Tag Archives: seasoning cast iron

Cleaning cast iron cookware.

I have a couple memories of my childhood at home with my parents.  I remember my mother cleaning her cast iron skillets with running hot water and a metal scouring pad.  No soap came near her precious skillets.  Once all the grease and food particles were removed it was time to dry the skillet.

Gas ranges were the norm in the late 1950’s and on into my teen years of the 1970’s.  An electric range was unheard of.  Not even the extremely wealthy had electric ranges until the late 1960’s and early 1970’s.

My mother would turn the gas burner on high.  The blue flames would be reaching out from the stove top and I was constantly in fear of them reaching out and catching our house on fire.  My  mother would give the cleaned skillet a few shakes to dislodge standing water then place it atop the burner.  The  hissing and popping noise of the water being heated to steam and evaporating right before my eyes never failed to impress me.  Once all the water was gone, usually within a minute, my mother would turn the burner off and loudly admonish everyone in our home “Hot!  Don’t touch!”  Once the skillet was cool enough to wrap her hands around the handle it was moved to the back of the stove ready for the next meal.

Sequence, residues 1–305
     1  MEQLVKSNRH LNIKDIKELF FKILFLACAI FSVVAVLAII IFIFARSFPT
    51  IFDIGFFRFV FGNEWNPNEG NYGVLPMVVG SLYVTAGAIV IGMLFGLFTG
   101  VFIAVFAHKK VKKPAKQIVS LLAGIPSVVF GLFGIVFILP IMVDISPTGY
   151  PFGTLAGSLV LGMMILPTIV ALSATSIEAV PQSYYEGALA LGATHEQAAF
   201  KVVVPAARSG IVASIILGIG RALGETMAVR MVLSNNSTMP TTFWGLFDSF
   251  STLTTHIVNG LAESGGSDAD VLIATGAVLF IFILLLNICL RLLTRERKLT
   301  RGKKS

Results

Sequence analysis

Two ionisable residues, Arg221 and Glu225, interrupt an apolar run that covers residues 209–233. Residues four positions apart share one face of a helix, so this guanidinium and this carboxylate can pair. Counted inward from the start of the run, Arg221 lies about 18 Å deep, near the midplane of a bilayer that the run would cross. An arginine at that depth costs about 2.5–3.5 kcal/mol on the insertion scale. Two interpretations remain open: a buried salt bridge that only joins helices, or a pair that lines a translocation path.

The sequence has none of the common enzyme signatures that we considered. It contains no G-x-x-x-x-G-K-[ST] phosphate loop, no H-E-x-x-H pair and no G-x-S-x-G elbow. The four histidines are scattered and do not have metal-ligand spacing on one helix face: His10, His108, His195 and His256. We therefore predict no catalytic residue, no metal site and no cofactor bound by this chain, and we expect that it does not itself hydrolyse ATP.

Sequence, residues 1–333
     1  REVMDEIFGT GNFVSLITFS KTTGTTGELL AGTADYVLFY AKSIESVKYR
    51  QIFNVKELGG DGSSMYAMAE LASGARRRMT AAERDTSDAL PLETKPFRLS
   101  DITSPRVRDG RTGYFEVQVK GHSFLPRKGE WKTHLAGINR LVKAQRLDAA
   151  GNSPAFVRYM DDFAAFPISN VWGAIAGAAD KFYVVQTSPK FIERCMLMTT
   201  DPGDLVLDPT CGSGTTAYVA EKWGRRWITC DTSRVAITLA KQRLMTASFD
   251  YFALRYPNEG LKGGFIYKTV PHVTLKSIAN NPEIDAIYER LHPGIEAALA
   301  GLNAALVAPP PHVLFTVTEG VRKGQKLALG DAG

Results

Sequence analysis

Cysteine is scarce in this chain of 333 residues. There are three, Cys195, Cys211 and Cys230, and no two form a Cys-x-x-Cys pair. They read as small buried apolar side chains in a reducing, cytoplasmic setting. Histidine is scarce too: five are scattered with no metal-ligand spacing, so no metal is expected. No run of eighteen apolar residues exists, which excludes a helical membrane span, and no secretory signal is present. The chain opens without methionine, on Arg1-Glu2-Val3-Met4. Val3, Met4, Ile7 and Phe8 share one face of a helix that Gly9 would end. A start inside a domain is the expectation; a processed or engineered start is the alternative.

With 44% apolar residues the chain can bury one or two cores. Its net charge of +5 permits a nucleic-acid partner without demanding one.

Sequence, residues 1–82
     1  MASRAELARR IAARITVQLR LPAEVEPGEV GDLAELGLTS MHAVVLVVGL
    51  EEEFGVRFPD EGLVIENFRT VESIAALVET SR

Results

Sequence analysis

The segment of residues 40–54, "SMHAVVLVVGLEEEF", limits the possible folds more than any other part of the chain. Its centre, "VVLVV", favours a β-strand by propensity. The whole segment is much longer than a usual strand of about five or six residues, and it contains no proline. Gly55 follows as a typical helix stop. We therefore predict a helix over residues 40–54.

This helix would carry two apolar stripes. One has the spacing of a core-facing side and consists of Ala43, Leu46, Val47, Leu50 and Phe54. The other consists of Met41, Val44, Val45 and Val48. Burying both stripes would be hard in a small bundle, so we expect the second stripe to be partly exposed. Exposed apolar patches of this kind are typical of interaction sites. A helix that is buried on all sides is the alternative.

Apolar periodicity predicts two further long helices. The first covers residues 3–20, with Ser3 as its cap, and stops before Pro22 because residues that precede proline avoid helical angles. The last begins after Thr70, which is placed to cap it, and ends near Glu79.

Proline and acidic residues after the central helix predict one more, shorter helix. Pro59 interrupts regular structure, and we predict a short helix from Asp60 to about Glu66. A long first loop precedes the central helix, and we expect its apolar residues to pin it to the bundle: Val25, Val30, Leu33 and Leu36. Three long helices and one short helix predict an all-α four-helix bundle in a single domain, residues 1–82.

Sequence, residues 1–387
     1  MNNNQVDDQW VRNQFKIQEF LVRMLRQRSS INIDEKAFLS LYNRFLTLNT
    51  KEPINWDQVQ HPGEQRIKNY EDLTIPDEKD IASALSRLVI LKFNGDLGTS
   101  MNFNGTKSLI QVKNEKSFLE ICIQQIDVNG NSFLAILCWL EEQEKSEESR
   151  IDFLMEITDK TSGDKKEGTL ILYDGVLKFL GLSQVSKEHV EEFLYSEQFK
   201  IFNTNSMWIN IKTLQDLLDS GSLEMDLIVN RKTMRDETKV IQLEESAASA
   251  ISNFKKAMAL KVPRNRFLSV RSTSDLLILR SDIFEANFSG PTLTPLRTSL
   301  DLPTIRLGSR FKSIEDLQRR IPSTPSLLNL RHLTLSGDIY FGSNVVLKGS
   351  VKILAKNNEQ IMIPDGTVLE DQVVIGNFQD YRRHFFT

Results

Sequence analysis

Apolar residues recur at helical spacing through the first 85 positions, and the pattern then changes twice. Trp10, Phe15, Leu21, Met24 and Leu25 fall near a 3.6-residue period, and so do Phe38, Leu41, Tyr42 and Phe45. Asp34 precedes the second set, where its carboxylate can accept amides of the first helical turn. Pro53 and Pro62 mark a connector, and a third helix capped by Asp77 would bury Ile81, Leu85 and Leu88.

I asked my mother why she didn’t use soap on the skillet like she did with the other dishes being washed.  Her reason was the soap removed the “Seasoning” from the pan.  Didn’t mean anything to me at the time, seasoning I mean.  When I got older and was an ineffectual cook who burned everything I reflected on this time and thought “seasoning” meant salt or pepper.

Seasoned Cast Iron:  If you want to know the chemistry of seasoning your cast iron skillet Sheryl Canter has an excellent post on how to REseason an old cast iron piece of cookware.

Long before Teflon was invented the cast iron cookware our grandparents and their grandparents and their….well you get the drift….had a NON STICK cooking surface.  The oil used back then was always animal fat.  Our forebears had no clue about “Free Radicals” and cancer.  I don’t know much about Free Radicals either.  Today’s cast iron cookware comes to you already PRE-seasoned so you don’t have to go through all the hard work involved.